The National Health Service (Quality Accounts) Regulations 2010 (regulations) come into force on 1 April 2010. As mentioned in previous updates, Quality Accounts are reports to the public on the quality of services of a healthcare provider and their introduction derives from the Health Act 2009. The publishing of Quality Accounts is seen as a way of increasing public participation in the demand for improved health services.
A certain amount of flexibility has been built into the regulations for the first year of their existence. For example, although all acute trusts have to publish Quality Accounts by 30 June of this year, community health and primary care providers are currently exempted. There are, however, ongoing consultations in this area and it is expected Quality Accounts will be introduced next year for these two sets of providers. Therefore other entities (eg organisations classed as “small providers”) which are currently exempt may find themselves subject to the regulations in future.
The Quality Accounts themselves will comprise four parts:
- A statement made by the provider as to the overall quality of the services provided (or carried out by a third party on the provider’s behalf) for the relevant period. This statement must be signed off by an individual holding a position of seniority (as listed in the regulations) within the provider.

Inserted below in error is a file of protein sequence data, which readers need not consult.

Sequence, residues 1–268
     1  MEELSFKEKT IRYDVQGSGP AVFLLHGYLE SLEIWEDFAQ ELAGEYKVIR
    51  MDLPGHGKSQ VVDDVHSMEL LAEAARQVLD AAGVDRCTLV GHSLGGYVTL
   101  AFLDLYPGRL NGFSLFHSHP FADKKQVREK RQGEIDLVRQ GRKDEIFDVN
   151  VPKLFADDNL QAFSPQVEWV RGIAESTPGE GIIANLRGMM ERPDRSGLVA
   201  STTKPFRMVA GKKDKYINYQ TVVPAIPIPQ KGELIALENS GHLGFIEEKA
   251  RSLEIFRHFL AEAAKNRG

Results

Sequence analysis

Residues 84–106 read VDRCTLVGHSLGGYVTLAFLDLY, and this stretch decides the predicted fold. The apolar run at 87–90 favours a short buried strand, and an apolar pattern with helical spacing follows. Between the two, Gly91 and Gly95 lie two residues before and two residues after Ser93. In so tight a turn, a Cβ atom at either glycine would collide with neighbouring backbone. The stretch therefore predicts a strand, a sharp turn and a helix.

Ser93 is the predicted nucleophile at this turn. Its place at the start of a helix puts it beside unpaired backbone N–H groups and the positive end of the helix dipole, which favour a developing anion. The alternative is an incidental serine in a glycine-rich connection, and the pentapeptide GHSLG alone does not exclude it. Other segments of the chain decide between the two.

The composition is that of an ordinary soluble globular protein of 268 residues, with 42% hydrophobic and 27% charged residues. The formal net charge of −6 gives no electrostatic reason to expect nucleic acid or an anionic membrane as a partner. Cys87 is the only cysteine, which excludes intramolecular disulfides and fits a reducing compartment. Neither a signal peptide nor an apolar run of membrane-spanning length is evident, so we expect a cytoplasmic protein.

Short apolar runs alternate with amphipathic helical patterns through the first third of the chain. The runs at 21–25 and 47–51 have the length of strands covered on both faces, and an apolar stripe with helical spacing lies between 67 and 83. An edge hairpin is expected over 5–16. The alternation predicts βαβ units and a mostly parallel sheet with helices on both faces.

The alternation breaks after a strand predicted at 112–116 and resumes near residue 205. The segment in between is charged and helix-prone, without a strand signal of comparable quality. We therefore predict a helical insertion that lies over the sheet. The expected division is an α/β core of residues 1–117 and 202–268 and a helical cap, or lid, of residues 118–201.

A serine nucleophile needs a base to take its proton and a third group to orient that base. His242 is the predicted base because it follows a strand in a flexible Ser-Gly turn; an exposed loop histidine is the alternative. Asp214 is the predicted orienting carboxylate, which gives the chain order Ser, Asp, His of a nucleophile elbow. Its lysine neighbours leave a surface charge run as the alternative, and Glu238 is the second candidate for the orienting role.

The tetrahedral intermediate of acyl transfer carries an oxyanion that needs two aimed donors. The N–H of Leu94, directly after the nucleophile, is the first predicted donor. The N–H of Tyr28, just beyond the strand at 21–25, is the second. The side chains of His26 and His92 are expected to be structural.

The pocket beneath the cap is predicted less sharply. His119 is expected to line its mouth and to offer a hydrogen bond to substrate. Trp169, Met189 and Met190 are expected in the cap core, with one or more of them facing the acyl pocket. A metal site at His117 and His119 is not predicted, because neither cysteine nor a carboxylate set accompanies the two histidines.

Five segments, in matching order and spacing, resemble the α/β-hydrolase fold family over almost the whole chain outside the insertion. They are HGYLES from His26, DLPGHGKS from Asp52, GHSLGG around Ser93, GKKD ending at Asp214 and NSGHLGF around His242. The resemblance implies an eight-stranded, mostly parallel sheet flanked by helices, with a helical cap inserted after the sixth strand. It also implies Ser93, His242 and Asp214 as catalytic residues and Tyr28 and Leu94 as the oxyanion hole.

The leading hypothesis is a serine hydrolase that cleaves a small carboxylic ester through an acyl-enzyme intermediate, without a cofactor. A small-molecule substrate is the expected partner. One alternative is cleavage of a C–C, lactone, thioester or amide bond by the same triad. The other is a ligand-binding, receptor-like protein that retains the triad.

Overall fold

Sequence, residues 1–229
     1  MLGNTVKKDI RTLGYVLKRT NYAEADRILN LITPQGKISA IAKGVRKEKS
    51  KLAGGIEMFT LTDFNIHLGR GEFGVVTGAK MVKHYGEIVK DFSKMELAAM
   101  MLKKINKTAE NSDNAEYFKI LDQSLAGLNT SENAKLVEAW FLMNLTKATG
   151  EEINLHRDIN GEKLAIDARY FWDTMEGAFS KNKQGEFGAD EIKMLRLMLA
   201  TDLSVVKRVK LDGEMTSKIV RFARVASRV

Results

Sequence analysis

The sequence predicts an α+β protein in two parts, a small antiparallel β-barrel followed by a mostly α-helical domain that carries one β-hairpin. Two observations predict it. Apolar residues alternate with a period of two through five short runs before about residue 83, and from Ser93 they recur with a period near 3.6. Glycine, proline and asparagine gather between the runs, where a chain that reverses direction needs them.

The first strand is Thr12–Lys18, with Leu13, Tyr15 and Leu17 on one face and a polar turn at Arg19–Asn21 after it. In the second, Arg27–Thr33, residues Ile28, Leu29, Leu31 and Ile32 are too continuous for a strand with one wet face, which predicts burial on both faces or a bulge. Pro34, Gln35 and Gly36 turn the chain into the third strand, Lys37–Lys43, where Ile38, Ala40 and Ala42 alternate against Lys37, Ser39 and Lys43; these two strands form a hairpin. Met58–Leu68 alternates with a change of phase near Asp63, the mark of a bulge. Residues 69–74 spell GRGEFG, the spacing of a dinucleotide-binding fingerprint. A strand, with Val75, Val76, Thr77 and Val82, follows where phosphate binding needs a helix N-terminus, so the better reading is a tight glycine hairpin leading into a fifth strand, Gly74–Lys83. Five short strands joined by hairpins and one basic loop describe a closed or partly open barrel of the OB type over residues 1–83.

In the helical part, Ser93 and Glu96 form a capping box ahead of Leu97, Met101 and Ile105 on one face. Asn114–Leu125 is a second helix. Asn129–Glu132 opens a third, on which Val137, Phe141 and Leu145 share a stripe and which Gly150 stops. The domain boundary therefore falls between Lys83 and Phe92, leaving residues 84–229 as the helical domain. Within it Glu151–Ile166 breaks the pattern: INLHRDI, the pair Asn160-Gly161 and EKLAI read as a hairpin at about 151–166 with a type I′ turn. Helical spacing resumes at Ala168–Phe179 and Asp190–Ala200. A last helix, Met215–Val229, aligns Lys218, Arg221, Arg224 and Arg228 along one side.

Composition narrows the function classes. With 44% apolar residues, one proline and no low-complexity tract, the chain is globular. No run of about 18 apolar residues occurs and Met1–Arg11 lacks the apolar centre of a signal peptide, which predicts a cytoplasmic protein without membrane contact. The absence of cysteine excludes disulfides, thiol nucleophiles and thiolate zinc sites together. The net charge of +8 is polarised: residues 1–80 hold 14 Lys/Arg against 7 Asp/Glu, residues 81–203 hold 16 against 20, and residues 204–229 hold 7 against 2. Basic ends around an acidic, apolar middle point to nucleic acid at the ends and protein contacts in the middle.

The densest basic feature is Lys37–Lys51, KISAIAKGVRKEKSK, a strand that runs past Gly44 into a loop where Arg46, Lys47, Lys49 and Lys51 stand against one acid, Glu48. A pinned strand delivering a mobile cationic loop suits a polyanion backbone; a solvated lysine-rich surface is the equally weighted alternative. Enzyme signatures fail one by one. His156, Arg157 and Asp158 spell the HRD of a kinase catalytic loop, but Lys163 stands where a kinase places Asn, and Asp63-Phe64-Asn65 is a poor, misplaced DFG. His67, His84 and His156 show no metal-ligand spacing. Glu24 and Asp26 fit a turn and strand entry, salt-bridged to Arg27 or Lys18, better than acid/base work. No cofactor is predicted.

- Information relevant to the services provided. A list of such required information is set out in the schedule to the regulations.
- Information to be determined locally by the provider consulting with stakeholders.
- A statement from the Commissioning PCT or SHA, and (if received) from the Local Involvement Networks (LINks) and Overview and Scrutiny Committees (OSCs) as to whether the draft Quality Accounts accurately reflect the quality of services provided.
What happens next year will depend in part upon a review of Quality Accounts submitted this year and the regulations may be amended in light of this. The National Quality Board in its first annual report (released 8 February 2010) states that it intends for Quality Accounts to “become as reliable and robust as financial accounts” and intends to work towards ensuring that the whole process is strengthened towards achieving that aim.